Words and Images from Ed Felker

Smallmouth Fun

OLYMPUS DIGITAL CAMERAOn the 4th of July I spent a few beautiful evening hours on my home stretch of the Potomac River, and had one of the most fun outings I’ve ever had here. Conditions were perfect for wading. The level was low but not too low, and the water was crystal clear. Later in the summer, the grass will take over and the water temperatures will approach bath level. The fishing can still be very good, but it’s less pleasant to be in the water when it gets that way. But for now, perfect. Although the clear water has a down side. You can see below just how well the fish can see me, the camera was completely submerged here. So I find for the most part, some longer casts have good results. There is one notable exception described later in the post.

OLYMPUS DIGITAL CAMERAI’ve been really wanting to entice some smallmouth to poppers and other surface flies. I know lots of people who have great success on the top. But for me — and maybe it’s technique, location or both — I only catch sunfish when I try surface flies. Of all the smallmouth I’ve caught on the fly, I’d say less than 5 percent have come on the surface. If anyone has some advice on how to entice a smallie to the surface without having a sunfish feeding frenzy, please comment here.

OLYMPUS DIGITAL CAMERASo after several sunnies in a row I went back to my go-to fly, the peach wooly bugger from Dead Drift Flies. On my first cast I brought in this beauty, and that was just the beginning. The smallmouth bite was ON, and it was a blast. By the way, this 5-weight Hardy rod is new, and I can’t get over how much fun this rod is. It throws line like a dream, but feels like a 3-weight with a fish on. You feel every tail beat and head shake. Fun, fun, fun.

OLYMPUS DIGITAL CAMERAThis was the first Potomac River outing this year where I had far more smallies than panfish. I always catch some tiny smallmouth, and quite a few were what I’d consider large fish for this stretch. But most were about this size, which you smallie hunters know, is plenty big to put up a nice fight!

OLYMPUS DIGITAL CAMERAThe nicest fish of the day, though, was the last of the day. I had waded upstream from the house a ways, and then went across the river a quarter mile or so. It was so beautiful out there, far from either bank, cool water on my legs, the sun setting upstream and fish enthusiastically biting. But, shallow or not, I like to see my feet when I’m wading, and darkness comes quickly when it comes. So I reeled up, secured the fly and admired the setting sun one more time before wading back to shore.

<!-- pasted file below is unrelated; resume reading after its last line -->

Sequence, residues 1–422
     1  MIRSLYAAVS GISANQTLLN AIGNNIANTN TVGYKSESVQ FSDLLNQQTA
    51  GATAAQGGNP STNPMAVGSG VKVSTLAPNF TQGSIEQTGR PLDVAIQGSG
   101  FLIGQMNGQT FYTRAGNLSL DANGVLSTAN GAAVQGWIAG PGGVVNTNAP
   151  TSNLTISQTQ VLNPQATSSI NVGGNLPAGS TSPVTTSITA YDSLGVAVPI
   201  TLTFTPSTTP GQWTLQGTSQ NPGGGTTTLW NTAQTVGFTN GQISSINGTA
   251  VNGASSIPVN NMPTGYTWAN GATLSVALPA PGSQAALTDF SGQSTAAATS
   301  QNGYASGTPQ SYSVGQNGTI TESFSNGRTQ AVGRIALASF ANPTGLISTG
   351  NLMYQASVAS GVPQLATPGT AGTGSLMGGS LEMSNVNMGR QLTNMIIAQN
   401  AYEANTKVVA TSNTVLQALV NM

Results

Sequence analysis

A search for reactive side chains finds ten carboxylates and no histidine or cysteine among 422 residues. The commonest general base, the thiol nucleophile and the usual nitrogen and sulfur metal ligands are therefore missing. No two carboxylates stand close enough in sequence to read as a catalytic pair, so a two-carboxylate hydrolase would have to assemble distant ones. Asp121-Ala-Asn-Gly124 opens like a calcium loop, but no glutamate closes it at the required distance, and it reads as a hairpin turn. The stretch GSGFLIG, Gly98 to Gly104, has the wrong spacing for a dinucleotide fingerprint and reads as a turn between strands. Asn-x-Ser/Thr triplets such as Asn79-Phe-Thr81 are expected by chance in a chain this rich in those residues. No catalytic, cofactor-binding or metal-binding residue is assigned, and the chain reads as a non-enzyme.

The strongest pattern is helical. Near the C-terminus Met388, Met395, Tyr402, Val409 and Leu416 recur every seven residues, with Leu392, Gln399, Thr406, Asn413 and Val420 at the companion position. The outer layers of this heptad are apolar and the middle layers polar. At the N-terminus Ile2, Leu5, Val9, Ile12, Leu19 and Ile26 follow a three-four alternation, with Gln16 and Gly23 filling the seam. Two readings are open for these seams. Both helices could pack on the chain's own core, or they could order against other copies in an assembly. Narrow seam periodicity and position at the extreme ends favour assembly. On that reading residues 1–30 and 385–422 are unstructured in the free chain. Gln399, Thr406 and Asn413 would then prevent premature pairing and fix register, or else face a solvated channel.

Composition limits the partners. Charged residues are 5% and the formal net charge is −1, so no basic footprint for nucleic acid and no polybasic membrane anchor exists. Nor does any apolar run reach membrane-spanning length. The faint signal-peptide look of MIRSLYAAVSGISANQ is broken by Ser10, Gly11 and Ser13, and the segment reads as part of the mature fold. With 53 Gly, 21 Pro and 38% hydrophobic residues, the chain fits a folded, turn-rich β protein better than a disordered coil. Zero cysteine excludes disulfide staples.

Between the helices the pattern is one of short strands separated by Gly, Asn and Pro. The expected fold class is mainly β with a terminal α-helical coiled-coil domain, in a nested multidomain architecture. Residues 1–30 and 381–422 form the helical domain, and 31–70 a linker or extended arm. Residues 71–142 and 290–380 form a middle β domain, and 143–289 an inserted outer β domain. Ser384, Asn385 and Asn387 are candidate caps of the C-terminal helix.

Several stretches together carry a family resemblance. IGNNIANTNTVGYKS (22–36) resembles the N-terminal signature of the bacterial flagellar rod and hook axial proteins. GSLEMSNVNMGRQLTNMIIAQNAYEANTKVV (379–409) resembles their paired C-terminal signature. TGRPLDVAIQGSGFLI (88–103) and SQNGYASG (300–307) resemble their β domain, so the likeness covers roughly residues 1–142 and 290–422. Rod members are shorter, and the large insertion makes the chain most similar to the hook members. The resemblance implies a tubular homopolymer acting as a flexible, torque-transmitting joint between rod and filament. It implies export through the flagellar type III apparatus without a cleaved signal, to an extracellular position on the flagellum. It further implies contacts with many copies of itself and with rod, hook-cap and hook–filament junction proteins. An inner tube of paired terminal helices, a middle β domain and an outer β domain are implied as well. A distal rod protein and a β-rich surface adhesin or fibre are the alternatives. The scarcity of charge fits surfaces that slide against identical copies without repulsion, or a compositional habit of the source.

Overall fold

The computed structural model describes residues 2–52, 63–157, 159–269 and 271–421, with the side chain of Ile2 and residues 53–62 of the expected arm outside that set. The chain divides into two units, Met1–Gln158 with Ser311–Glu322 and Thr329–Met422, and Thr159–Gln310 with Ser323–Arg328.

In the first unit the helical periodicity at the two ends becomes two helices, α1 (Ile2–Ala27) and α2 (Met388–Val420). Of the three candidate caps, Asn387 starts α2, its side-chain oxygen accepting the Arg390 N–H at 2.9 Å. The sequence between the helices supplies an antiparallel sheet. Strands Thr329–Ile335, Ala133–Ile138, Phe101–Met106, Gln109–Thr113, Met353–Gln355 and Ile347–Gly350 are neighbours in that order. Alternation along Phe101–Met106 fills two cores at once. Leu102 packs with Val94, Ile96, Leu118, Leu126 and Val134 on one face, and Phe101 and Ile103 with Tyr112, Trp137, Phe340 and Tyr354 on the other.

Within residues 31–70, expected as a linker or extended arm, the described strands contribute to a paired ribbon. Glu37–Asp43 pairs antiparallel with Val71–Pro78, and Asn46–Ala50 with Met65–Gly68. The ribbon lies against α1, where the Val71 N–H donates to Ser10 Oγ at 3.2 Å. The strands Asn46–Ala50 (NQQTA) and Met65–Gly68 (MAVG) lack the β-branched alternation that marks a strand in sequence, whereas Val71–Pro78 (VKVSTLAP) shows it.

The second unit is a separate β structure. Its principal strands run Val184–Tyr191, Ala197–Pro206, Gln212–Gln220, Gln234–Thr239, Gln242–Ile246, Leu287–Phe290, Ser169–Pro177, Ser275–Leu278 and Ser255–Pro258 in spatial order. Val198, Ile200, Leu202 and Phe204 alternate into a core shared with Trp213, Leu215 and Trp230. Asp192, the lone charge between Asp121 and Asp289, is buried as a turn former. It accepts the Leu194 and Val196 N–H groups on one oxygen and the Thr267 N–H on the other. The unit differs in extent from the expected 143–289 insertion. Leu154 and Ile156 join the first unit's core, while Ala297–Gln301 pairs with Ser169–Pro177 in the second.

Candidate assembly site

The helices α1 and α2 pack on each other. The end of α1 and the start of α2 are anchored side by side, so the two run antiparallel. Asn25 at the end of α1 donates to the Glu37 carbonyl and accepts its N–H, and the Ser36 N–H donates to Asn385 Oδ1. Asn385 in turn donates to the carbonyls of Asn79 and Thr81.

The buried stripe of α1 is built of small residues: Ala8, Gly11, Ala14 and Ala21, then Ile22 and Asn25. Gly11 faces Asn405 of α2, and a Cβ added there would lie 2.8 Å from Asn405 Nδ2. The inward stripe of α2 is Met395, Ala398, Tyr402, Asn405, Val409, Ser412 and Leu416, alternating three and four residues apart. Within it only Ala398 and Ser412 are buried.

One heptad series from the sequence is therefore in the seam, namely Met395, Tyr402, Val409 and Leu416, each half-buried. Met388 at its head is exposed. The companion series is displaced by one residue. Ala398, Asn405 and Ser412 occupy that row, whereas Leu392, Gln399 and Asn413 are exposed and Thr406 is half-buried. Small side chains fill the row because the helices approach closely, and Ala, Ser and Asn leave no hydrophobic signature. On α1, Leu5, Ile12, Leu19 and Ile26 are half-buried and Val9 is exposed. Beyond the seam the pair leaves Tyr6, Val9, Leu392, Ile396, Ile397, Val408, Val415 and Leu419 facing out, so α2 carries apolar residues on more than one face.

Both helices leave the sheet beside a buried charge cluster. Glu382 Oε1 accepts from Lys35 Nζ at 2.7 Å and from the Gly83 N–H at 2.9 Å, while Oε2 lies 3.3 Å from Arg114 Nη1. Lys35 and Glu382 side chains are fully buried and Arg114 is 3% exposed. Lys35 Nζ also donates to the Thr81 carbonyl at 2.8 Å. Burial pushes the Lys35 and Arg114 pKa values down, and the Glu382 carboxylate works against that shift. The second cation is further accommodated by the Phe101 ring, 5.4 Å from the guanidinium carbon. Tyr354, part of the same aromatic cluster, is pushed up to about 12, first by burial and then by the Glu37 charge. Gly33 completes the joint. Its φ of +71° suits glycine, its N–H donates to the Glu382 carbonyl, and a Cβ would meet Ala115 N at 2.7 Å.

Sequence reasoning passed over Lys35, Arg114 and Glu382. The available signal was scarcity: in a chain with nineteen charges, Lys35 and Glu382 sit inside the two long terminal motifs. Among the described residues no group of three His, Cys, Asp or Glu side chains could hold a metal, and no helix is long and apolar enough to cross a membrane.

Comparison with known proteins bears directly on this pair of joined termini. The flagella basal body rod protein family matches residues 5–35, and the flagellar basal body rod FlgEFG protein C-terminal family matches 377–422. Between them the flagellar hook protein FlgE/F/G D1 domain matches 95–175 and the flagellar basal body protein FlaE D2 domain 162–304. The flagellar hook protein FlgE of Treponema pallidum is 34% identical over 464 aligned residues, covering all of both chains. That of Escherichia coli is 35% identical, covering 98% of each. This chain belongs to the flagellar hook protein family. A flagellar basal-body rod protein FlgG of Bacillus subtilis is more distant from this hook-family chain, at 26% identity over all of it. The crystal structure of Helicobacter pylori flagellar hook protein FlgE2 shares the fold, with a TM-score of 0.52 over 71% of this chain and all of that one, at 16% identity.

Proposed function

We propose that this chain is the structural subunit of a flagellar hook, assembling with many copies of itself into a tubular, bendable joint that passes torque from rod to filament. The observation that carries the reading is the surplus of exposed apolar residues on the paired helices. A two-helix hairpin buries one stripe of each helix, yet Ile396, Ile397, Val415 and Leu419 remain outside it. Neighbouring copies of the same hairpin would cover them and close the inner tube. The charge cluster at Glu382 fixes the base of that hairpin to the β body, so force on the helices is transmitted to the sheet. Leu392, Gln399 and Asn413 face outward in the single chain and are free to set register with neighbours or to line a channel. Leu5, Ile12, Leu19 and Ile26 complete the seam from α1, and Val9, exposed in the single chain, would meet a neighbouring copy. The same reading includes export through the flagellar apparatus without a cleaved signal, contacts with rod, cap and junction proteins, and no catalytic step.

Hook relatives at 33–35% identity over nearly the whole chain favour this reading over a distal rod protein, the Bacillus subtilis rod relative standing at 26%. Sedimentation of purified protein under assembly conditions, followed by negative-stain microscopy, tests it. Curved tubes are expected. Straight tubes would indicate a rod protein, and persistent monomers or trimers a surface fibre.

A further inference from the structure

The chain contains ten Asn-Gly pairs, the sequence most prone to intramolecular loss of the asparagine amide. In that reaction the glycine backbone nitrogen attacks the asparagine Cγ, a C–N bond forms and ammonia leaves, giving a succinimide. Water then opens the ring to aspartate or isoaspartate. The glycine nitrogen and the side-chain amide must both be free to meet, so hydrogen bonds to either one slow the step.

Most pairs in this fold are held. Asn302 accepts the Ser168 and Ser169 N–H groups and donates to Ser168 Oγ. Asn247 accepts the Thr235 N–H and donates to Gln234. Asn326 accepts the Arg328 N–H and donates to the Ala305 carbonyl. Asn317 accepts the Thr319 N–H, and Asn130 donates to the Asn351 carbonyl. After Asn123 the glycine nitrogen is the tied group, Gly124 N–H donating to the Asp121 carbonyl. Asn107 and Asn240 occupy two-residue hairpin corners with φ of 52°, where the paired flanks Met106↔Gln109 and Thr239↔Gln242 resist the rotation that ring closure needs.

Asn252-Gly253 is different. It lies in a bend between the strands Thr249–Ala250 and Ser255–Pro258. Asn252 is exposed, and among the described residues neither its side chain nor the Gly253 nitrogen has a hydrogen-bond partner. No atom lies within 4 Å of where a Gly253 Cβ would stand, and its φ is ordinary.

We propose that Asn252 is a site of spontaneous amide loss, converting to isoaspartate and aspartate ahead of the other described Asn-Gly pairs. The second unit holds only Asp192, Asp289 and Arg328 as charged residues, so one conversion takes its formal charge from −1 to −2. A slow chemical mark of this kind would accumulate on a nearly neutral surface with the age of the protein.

Along the way, now close to the bank and walking parallel with it, I passed three or four holes I fished on my way out with not much luck. I thought I saw a shadow move in the current, but didn’t have a lot of faith in my eyes at dusk. I decided to toss a fly in. I totally half-assed it, though. I never stopped walking, and didn’t even take any fly line out. I just unhooked the wooly bugger from the guide where I secured it earlier, held the rod out to the side and let the fly drop in the water. The shadow immediately slammed the fly. I pinched the fly line to the cork and set the hook, but I think the fish had already done that for me. He jumped four times under the tip of my rod — I basically had only the leader and about a foot of fly line out past the guides. What a great punctuation to a fantastic evening of fishing!

OLYMPUS DIGITAL CAMERAHere’s another shot of my shadow fish. It’s hard to compose these fish shots, but some of the ‘accidents’ end up growing on me. I like this one.

OLYMPUS DIGITAL CAMERAAnd that was it. Another 100 feet and an ice cold beer was waiting for me. Because I am an excellent planner.

OLYMPUS DIGITAL CAMERAIf you enjoy fly fishing for trout and you go all summer just waiting for cool weather to roll around again, you are missing some serious fun with your fly rod!

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3 responses

  1. Dave

    Nice fish! I’ve had the same experience with panfish too often attracted to smaller poppers. However, I caught my largest smallmouth ever last year, a 19″ fish, on the Shenandoah using a large popper about two inches long. I have recently caught several twelve- to fourteen-inch smallies in the same area on a spinning rod using a similar sized large popper. All of these were near or after sunset in current over deeper water. Maybe the size discouraged the smaller fish, might be worth a try.

    July 8, 2013 at 1:53 pm

    • Thanks Dave for your comment! A few others have told me that too, try bigger poppers. I need to get some good ones. Regarding fishing after sunset, this year I have had much better luck in the evening than in the morning. And we were on kayaks at night for a fireworks show, and paddling back in the dark the fish were jumping all around us! Makes me really want to try night fishing for smallies!

      July 8, 2013 at 2:26 pm

  2. Great write up Ed! I’ve been itching to get back out on the James after ’em, but the salt keeps calling my name….

    July 10, 2013 at 5:35 pm

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